These living trusts are usually also revocable so that you can make changes to them during your lifetime. (An irrevocable trust is set in stone.)

Trusts require you to deal with some paperwork while you’re setting them up, and the attorney’s fees to handle it. Yes, there are DIY trust documents out there, but you want to make sure that your trust is air-tight, so it’s worth having a professional do the work for you.

There’s not much ongoing record keeping required, except when you transfer property in or out of the trust. You do need to keep written records of those transfers.

As always, there’s no free lunch. You will pay to have the trust created and assets re-titled. It’s sometimes more challenging to refinance a property that’s held in a trust. If you can’t get over the hurdle by finding another lender who understands trust property, you could always transfer it back to yourself as owner for the refinance. Then transfer it back in afterward.
Creditors can sue the trust because there’s no creditor cutoff window like there is in probate.

 

Do you want to talk to us about your estate plan or need a recommendation for a good attorney? Give us a call at 619.255.9554 or send us an email and we’ll be glad to set up an appointment.

Are you on track for retirement?

Making sure you will be ready for retirement can be overwhelming. Funding your retirement accounts over the years is just one part of your journey to the retirement of your dreams. A Certified Financial PlannerTM can help you navigate the complexities of financial planning. Talk to a Financial Planner>

Dream. Plan. Do.

Platt Wealth Management offers financial plans to answer your important financial questions. Where are you? Where do you want to be? How can you get there? Our four-step financial planning process is designed to be a road map to get you where you want to go while providing flexibility to adapt to changes along the route. We offer stand alone plans or full wealth management plans that include our investment management services. Give us a call today to set up a complimentary review. 619-255-9554.

Why Having a Financial Advisor Team is Important

Why Having a Financial Advisor Team is Important

With the advent of online trading platforms and information available for free on the Internet, many investors have decided to take a do-it-yourself approach to manage their money. Managing your portfolio is perfectly fine, especially those who are just starting, have little money, or have less complicated financial situations.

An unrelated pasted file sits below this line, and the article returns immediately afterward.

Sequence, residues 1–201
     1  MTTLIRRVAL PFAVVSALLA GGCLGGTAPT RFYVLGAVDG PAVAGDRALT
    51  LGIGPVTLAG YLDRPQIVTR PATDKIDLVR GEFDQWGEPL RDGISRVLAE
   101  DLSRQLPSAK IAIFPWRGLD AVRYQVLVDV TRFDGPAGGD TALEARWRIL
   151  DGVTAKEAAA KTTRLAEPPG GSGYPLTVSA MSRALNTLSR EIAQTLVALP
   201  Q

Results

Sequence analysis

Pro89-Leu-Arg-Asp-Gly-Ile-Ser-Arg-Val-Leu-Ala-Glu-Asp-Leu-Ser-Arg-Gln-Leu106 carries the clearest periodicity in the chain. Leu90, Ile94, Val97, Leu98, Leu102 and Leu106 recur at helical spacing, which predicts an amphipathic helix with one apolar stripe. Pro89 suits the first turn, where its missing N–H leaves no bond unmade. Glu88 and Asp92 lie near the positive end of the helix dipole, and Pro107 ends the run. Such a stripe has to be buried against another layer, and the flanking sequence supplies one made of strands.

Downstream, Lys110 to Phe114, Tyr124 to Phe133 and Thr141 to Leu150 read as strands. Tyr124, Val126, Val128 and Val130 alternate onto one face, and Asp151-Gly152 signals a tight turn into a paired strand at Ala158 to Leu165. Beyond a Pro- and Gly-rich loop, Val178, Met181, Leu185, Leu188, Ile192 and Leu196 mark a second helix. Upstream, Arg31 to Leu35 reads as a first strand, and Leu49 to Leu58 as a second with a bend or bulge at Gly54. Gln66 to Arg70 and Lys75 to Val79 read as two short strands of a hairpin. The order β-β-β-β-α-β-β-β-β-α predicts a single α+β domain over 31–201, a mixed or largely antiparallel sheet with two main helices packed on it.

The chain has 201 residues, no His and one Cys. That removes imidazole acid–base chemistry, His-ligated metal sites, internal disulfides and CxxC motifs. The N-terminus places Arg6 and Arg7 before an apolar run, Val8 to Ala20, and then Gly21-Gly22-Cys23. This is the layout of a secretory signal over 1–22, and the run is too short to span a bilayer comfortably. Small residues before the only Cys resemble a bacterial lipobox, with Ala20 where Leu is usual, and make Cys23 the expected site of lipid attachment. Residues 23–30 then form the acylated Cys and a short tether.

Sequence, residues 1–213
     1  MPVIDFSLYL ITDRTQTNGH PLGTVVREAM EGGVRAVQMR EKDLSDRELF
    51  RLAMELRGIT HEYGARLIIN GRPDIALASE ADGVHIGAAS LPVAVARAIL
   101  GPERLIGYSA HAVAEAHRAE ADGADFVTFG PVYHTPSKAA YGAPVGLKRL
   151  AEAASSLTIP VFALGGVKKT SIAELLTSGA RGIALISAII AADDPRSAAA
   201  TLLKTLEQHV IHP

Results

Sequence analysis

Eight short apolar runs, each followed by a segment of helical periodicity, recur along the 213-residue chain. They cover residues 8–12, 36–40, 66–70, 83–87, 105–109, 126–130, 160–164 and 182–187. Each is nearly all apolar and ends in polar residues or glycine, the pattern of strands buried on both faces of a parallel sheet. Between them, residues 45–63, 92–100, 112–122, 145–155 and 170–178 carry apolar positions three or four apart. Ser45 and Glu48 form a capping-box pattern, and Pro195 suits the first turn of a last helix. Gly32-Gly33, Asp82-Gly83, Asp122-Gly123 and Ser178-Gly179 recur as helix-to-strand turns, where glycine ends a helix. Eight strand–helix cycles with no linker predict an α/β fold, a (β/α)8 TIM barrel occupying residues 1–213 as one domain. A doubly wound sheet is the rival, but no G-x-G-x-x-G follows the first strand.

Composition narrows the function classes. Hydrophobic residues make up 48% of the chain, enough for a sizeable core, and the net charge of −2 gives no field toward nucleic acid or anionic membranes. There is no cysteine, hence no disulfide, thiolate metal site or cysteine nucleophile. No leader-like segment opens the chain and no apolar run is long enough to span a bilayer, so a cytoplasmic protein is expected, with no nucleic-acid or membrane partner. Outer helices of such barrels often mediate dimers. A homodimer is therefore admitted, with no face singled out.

However, once investors begin accumulating wealth and add to their financial complexities by purchasing homes or running their businesses, it’s often a good idea to hire an advisor. There are several reasons people in these situations benefit from hiring an advisor to help them with their investment needs.

 

You don’t know what you don’t know

The world of finance is complex and ever-changing. If you have a full-time job that does not involve investments, it’s unlikely that you have the time, much less the inclination, to keep up with the continual adjustments in the space.

 

You may have a solid grasp of the fundamentals of stocks, bonds, and mutual funds. But do you know what the rules are on employer-sponsored retirement plans and Roth/IRAs and when you qualify for each? Do you understand the difference between HSAs and FSAs, and how to use them as an investment vehicle? Are you clear on whether you should pay down your mortgage, increase your savings, or do something else with your raise?

 

A financial advisor is required to keep up with changes in the marketplace. They understand how things like the CARES and SECURE Acts might affect your finances. They also know what they don’t know when it comes to finance, and will pull in other experts when necessary.

 

  • Help you determine your goals

Most investors understand that they need to save for retirement, given the lack of pensions and the uncertainty around Social Security. But what other goals do you have when it comes to money? Many people have goals that will impact their finances, but they might not know how sizeable it could be.

 

  • Provide a sounding board 

Just as business owners have an advisory board to help them get unstuck when facing issues and provide advice to help them grow, your advisor can provide commentary and guidance when it comes to your money.

 

There are many financial decisions for which there is no objectively correct answer. Whether to invest in a traditional IRA versus a Roth is one example. There are circumstances that better fit one than the other, but because they rely on assumptions about future taxes and earnings, there’s no right answer.

 

Similarly, people often need help thinking through the wisdom of buying into a retirement community or continuing care retirement community. Or even deciding whether to pay down the mortgage or invest some extra funds. Again, there are no objectively correct answers. Bouncing your questions off a third-party who’s knowledgeable about the issues can help you reach a satisfying decision for you and your family.